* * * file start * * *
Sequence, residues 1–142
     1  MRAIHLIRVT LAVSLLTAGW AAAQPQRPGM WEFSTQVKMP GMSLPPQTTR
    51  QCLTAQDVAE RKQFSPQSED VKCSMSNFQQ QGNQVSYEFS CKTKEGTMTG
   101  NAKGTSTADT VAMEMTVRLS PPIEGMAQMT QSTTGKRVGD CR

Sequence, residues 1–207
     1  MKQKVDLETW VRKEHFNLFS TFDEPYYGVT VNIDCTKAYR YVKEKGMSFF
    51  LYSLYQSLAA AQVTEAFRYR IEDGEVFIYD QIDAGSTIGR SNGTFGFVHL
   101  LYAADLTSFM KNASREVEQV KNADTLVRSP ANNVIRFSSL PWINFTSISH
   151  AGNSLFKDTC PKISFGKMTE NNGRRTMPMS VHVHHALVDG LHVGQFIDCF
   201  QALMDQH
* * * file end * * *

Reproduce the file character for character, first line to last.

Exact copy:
Sequence, residues 1–142
     1  MRAIHLIRVT LAVSLLTAGW AAAQPQRPGM WEFSTQVKMP GMSLPPQTTR
    51  QCLTAQDVAE RKQFSPQSED VKCSMSNFQQ QGNQVSYEFS CKTKEGTMTG
   101  NAKGTSTADT VAMEMTVRLS PPIEGMAQMT QSTTGKRVGD CR

Sequence, residues 1–207
     1  MKQKVDLETW VRKEHFNLFS TFDEPYYGVT VNIDCTKAYR YVKEKGMSFF
    51  LYSLYQSLAA AQVTEAFRYR IEDGEVFIYD QIDAGSTIGR SNGTFGFVHL
   101  LYAADLTSFM KNASREVEQV KNADTLVRSP ANNVIRFSSL PWINFTSISH
   151  AGNSLFKDTC PKISFGKMTE NNGRRTMPMS VHVHHALVDG LHVGQFIDCF
   201  QALMDQH